OM is Your Gardens Guardian Angel

leaves collected in a fadge

Gathering organic matter (OM for short), is your best ever garden habit! With a variety of ready to use matter at hand, you are only 10minutes away from creating a new garden bed, mulching, making a compost pile or revitalising tired soil – no shopping required!

Collect OM in a little + often, regular way. While you’re out gathering, please obey foraging lore:

  • Be respectful. Choose stuff that’s regarded as waste or is in abundance, and be sure to leave plenty for natural cycles.
  • Be careful. Don’t gather ingredients with heavy metals or herbicide/ pesticide residue – that means roadsides are out as is OM from sprayed places. Lifeless brown edgings are the tell tale.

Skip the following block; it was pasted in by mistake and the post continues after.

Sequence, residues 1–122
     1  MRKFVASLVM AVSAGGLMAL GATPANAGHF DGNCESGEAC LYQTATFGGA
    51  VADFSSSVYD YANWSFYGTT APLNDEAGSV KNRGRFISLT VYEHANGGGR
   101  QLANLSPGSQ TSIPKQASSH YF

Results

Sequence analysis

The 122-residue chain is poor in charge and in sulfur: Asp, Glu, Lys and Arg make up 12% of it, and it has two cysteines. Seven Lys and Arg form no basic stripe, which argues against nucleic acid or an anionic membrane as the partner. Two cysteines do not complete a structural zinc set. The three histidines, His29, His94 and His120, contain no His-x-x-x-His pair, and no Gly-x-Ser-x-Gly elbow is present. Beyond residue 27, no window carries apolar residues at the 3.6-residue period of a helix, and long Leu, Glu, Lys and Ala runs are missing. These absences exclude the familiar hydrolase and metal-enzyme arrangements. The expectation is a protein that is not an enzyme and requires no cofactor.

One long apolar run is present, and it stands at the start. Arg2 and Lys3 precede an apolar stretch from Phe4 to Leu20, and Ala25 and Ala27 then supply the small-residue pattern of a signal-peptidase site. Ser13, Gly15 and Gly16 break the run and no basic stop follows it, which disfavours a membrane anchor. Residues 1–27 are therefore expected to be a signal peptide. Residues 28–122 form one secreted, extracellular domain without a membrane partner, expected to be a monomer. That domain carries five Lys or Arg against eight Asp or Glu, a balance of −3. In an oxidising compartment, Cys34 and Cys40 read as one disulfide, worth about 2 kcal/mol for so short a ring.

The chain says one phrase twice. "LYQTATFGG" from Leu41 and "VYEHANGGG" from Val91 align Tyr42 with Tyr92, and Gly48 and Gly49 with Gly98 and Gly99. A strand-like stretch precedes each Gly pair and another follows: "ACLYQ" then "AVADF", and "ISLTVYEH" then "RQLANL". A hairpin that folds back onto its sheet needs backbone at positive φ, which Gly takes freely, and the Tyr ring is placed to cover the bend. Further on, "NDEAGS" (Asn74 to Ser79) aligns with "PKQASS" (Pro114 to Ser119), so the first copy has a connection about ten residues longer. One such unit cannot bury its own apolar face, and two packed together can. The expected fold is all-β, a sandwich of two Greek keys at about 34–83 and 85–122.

Most organic matter benefits from being left to decompose before using, some can be grown at home and a few are best used fresh – lets start there!

Gathered OM that’s best used fresh

seaweed beneath seed potatoes
Seaweed beneath seed potatoes

3 sources of OM that are best used fresh are grass clippings, seaweed + pond weed. All are awesome additions to your compost. Make compost on lawn mowing day!


Grass clippings make a great mulch. You can sprinkle them direct, as is, as long as your lawn is diverse and you let it grow long before cutting it. If, however your lawn is always cut short and never gets longer than 10cm, the clippings will need to be mixed with dry or stalky stuff (carbon), before using as mulch.


Mineral rich seaweed or pondweed make an epic liquid feed.
Seaweed is fab laid beneath seed potatoes at planting.